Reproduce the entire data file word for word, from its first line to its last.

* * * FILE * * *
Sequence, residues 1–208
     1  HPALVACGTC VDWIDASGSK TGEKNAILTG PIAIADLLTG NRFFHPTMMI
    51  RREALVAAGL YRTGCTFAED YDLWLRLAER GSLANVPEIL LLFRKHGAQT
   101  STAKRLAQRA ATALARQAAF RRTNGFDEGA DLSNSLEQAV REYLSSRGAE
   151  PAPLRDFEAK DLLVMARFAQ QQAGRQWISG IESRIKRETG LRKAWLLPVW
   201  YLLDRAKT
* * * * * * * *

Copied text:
Sequence, residues 1–208
     1  HPALVACGTC VDWIDASGSK TGEKNAILTG PIAIADLLTG NRFFHPTMMI
    51  RREALVAAGL YRTGCTFAED YDLWLRLAER GSLANVPEIL LLFRKHGAQT
   101  STAKRLAQRA ATALARQAAF RRTNGFDEGA DLSNSLEQAV REYLSSRGAE
   151  PAPLRDFEAK DLLVMARFAQ QQAGRQWISG IESRIKRETG LRKAWLLPVW
   201  YLLDRAKT